Damn, how awesome is it that The Stranger is our local alternative paper? Last week there was a fantastic article about Club Z and this week The Stranger hits one over the fence on refusal clauses and pharmacists.
Here's my take on the idea that pharmacists should be able to refuse to dispense things that go against their morality. This is a Right to Work Country which is basically an odd way of saying that people have the right to choose what jobs they want and employers have a right to choose what workers they want. We are not arbitrarily assigned some profession based on a central planning committee. We can choose what type of work we want to do as long as we are willing to accept the consequences of that choice. I could choose to be an artist as long as I was willing to accept that I won't receive a regular paycheck, or I can choose to be a store clerk as long as I accept that I will have to follow the rules of the store.
Pharmacists don't have to be pharmacists. They know going into the profession that they may be required to dispense things that they morally disagree with. I morally disagree with the military industrial complex- so I do not work for GE. I have a friend who also disagrees with it, but he likes the paycheck and the chance to live overseas that working for GE gives him, so he accepts the moral consequences. If he didn't he would find work elsewhere.
But what about doctors? Doctors get a refusal clause because A) They perform the specific act resulting in life or death - pharmacists perform an auxiliary function but not the actual administration of either medications (doctors dispense RU486 in the office) or procedures that result in abortions and B) they physically risk their lives and families by choosing to perform abortions. No pharmacists have been killed to my knowledge for dispensing birth control- though that may change will the zealot of the wing nuts.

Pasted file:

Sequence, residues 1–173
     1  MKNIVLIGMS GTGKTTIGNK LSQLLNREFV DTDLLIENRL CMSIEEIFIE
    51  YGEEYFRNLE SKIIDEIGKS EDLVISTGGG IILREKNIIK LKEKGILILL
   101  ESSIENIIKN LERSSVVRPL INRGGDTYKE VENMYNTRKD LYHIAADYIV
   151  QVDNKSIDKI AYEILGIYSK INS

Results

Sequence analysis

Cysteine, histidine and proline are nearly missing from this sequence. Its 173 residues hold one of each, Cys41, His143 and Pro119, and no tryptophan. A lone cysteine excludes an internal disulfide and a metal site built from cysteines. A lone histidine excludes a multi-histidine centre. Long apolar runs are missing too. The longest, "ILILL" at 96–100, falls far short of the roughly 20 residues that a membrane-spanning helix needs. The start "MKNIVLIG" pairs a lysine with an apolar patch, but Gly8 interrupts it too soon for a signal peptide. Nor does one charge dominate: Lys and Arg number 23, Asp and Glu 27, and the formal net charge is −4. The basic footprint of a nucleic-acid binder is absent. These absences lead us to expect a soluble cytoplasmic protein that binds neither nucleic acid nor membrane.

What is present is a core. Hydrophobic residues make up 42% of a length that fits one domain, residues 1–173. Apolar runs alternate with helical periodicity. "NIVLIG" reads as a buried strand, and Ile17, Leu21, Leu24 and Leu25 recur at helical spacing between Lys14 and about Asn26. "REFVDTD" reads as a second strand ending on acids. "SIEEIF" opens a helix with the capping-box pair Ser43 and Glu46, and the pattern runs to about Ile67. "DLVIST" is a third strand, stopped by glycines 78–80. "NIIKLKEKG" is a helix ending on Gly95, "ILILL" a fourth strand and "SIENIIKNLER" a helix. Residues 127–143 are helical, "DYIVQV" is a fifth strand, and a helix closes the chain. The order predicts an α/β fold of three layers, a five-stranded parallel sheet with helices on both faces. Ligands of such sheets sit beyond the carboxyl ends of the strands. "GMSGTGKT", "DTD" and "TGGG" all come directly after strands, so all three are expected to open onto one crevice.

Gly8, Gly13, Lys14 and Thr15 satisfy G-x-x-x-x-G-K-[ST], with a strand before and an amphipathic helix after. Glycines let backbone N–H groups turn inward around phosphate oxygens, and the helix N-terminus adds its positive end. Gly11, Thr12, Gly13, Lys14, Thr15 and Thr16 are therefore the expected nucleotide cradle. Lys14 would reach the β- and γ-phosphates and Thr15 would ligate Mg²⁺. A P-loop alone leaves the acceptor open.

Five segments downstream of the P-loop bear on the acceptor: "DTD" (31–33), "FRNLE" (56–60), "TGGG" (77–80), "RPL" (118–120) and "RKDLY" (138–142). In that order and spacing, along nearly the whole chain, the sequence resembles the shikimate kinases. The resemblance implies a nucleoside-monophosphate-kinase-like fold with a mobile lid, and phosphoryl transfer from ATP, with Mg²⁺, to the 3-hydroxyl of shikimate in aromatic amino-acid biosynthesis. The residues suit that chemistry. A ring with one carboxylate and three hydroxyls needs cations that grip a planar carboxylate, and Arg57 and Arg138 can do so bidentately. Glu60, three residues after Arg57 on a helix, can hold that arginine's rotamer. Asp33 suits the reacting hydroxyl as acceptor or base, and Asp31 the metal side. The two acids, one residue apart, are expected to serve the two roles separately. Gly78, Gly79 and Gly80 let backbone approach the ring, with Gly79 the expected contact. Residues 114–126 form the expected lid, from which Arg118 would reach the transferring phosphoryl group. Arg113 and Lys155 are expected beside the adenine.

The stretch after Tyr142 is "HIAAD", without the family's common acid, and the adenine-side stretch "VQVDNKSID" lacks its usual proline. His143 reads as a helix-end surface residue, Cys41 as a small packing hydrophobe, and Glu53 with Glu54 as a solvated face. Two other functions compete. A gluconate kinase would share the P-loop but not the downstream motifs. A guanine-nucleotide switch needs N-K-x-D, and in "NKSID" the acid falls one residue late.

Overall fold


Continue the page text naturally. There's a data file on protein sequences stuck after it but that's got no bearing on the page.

However, if it were up to me I would say there is enough specialization in medicine that if a doctor doesn't want to perform abortions then he should not become a gynecologist- he can be a proctologist instead. Since specialization in not available for pharmacists (they are their own specialization within the medical field already) then they should choose another profession where their morals won't be in conflict.
But why shouldn't it be the patients that have to change pharmacies instead of the the pharmacists changing professions? Patients do have some choice of what pharmacy they go to, but it is in the interest of the greater good that patients in a crisis get the treatment they need in a timely manner rather than that pharmacists get to refuse service based on morality. We understand this with doctors, and doctors are not allowed to refuse treatment of a patient in a crisis. For example, if a woman came into the emergency room with an ectopic pregnancy a doctor could not refuse to perform a lifesaving operation even though he would be removing a fertilized egg. However, because doctors in hospitals are rarely there alone, the doctors usually have a backup if there is a procedure they are unwilling to do. But pharmacists generally work alone (or with clerks who do not have the same authorization as the pharmacist) and therefore a viable substitute cannot be utilized in a timely fashion. I would have no problems with a morality clause if pharmacies were required to keep 2 pharmacists on hand if one had objections to dispensing certain drugs. This would increase the cost of prescription drugs though, because of the necessity for redundant labor.